We knew things were going to be interesting this weekend when the waiting staff came out with ashtrays. In each ashtray was a big fat cigar with a red tip and lots of ashes. I thought it looked amazing, but when I sent the picture to a foodie friend of ours, she asked if that was something we found down the back of the couch. The wild duck was gamey, smoky, and rich, the hot sauce was mild, creamy, and had a lingering burn that suited the cigar theme. The kelp ash was surprisingly delicious. I would have assumed ash was ash, but this ash had flavour!

Dish Three – Haggis, Neeps, and Tatties Croquette / Islay Whiskey Aioli

When you get three out of three perfect dishes you begin to relax, and this dish was ten out of ten. It was a big croquette like you would get in a school canteen, and to be fair even the filling was familiar potato and turnip. But there was a little magic going on here. The haggis, which was supplied by Gary’s father in law who is a butcher in Scotland, was beautifully spiced and filled the croquette with flavour. The breadcrumb outer was fried perfectly. The Islay Aioli was one of the best sauces I have ever tasted. It had the smoke and bite of a good Scotch, but it was superbly creamy and rich and was topped with pepper dulse.

Dish Four – Kelp and Celeriac Noodles / Braised Wild Hazelnut

Despite being on an island and all the talk of seafood, this was our first taste of the sea. The kelp and celeriac noodles were very crunchy and packed a serious amount of flavour. The broth was full of herbs and beautifully salty. The hazelnuts also had a bite and gave a fantastic contrasting texture to the soft meat or veg you usually expect in a noodle soup. Laura declared she would be making this at home before the week was out and as I write this just a few days later there is already celeriac on our kitchen counter. I suspect we will be foraging seaweed at low tide today.

Dish Five – Pollock Burger / Brioche / Sea Lettuce / Mayo / Carrot Kimchi

Served in a cardboard burger box, this was by any definition a burger. When I want to take a burger to the next level I go for big chunky homemade beef patties, artisan cheese, dry-cured bacon, black pudding, and a massive bun. When a talented chef wants to take a burger to the next level he uses a soft and delicate pollock patty, compliments it with a very light leaf of sea lettuce (seaweed!), and finishes it with a tangy spicy bright orange carrot kimchi (a Korean fermented pickle). I stand over my burger, but I loved this one.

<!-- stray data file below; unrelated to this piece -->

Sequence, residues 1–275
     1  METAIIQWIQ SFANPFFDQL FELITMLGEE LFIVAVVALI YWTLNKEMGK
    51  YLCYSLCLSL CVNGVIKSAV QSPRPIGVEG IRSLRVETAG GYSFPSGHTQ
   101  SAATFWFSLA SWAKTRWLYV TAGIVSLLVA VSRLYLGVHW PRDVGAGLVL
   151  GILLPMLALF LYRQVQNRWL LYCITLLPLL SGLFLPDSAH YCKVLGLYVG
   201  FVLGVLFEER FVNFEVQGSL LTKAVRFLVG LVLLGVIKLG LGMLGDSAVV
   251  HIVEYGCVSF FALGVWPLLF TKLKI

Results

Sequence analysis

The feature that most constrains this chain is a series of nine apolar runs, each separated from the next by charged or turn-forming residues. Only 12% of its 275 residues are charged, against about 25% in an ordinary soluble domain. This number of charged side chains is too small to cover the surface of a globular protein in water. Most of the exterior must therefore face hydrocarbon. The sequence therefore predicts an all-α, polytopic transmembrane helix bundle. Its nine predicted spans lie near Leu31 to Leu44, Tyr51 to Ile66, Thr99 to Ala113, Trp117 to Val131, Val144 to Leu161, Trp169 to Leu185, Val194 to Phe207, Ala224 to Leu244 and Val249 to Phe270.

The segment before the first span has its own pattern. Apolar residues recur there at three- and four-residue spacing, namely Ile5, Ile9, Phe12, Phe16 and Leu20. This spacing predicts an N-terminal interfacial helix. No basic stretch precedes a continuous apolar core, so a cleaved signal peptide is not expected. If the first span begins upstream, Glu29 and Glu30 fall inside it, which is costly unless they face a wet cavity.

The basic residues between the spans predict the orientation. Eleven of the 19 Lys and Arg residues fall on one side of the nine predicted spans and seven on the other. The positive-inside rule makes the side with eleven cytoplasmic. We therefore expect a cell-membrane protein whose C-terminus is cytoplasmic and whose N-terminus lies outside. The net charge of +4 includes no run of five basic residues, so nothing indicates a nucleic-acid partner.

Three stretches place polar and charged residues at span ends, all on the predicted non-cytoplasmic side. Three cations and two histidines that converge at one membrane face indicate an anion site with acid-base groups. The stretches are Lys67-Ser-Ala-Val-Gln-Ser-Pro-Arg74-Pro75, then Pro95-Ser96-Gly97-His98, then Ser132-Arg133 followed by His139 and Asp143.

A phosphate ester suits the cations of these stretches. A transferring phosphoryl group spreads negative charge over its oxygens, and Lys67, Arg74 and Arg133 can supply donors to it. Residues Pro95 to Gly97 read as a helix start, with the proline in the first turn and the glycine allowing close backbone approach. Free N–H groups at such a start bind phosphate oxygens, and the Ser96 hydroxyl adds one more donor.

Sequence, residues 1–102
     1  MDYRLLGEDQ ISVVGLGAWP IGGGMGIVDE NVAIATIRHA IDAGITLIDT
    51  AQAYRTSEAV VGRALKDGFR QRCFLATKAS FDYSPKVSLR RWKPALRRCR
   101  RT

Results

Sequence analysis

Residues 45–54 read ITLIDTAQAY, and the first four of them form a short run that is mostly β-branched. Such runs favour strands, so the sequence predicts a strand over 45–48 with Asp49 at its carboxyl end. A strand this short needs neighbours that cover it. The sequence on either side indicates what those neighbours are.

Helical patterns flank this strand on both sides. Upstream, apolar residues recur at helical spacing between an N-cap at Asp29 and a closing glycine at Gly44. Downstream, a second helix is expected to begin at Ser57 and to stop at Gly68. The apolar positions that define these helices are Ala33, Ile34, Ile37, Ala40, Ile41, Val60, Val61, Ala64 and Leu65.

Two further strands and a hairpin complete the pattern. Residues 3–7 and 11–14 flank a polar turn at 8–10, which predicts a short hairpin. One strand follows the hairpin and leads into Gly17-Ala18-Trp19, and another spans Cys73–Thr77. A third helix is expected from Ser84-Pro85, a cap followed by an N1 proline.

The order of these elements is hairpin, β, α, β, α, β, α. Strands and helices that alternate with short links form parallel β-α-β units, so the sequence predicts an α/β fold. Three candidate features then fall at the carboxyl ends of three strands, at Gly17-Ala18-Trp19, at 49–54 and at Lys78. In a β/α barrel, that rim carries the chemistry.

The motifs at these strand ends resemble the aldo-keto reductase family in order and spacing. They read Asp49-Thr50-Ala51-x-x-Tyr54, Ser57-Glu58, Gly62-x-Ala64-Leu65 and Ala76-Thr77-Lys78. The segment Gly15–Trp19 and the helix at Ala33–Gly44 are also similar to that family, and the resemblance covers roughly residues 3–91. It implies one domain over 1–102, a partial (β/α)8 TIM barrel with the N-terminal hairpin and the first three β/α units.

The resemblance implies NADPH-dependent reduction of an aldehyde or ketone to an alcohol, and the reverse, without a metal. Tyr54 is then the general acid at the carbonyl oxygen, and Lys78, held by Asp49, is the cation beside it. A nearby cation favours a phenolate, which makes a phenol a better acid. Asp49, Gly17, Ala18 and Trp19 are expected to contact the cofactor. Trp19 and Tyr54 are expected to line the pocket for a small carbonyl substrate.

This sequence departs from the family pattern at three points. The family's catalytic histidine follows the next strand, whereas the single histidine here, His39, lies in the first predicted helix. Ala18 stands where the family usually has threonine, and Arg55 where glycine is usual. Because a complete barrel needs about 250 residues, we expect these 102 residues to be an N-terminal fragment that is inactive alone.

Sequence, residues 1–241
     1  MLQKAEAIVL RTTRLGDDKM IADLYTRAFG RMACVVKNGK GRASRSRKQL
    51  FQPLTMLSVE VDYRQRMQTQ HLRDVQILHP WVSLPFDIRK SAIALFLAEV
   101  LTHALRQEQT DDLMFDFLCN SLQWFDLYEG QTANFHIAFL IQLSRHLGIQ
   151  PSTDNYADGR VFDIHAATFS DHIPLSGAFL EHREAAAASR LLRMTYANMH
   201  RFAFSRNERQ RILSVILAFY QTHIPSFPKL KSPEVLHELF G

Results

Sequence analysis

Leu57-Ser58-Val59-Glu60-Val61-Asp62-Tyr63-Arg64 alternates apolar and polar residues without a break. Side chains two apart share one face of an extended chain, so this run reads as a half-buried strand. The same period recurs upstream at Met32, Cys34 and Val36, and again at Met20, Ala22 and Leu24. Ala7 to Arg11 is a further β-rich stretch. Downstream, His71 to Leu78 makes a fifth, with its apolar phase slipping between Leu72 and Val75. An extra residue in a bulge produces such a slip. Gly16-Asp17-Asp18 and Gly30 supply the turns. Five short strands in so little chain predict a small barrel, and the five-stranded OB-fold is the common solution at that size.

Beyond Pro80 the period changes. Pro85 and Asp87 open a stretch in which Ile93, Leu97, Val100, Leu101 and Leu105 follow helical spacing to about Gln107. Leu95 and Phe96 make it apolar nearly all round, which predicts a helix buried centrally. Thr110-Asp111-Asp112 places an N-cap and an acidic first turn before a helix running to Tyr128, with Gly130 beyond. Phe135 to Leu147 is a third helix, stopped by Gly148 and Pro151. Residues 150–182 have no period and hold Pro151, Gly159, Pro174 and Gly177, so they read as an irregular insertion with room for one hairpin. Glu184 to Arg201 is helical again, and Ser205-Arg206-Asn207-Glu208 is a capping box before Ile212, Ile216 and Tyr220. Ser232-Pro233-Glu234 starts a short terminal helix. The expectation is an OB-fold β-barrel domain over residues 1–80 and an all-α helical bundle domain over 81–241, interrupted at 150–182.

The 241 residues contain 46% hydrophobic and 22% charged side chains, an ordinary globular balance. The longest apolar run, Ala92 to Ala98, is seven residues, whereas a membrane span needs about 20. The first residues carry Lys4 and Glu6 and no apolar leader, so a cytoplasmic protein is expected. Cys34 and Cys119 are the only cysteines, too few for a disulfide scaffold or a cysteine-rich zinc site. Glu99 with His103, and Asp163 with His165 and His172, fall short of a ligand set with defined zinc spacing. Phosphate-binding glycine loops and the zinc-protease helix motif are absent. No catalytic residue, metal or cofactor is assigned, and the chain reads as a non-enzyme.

Dish Six – Glashon Gambon / Peas / Passionfruit / Elderberry Caper / Acorns of the Sea

This was the first dish that was served that caused a few murmurs of dissent amongst the oohs and ahhs around the table. It was a challenging dish of coley fish (glashon) served as cured pork – i.e. salted and cut thin. Alongside the fish was passion fruit including the hard seeds, garden peas so fresh they stood up to the fruit, and cockles taking the role of acorns. I found the texture of the seeds and the hard peas with the soft cockles and the delicate fish to be a little strange. Saying that if I had managed to get through seven dishes without my taste buds being asked to do some work I would have went to bed a little underwhelmed.

Dish Seven - Fisherman’s Friend Churros / Curd / Liquor

Churros are like long plain doughnuts. In Spain the come with a cup of hot chocolate for dipping and they are a staple of almost every café. They tend to be coated in icing or castor sugar.

On Rathlin Island churros come dusted in crushed Fisherman’s Friends mints and with lemon curd instead of a cup of chocolate. They are all the better for it. Liquorice, methol, and lemon is a taste combination that is hard to beat. The curd was one of the best I have ever tasted and more than a few people around the table were getting the last of it out with their fingers. A strong finish.

Fisherman Friends Churros

After dinner, Laura and I went to the bar where we spent the rest of the night (and it was a long one!) chatting to a couple from Ballymena called Tim and Jill who were regulars at the Slemish Market Supper Club as well as being experienced divers. We learned even more about Rathlin, the sea, and Chef Curley. If we said that Rob joined us for a drink you would probably have the impression that he graced us with his presence and to bask in the glory of our admiration and praise while signing copies of his latest book. But trust me, this weekend was nothing like that. Rob, Gary, and Gorka were buying rounds, having the craic, and chatting about everything from food to politics. If I could remember the evening I would tell more, but it is all a blur.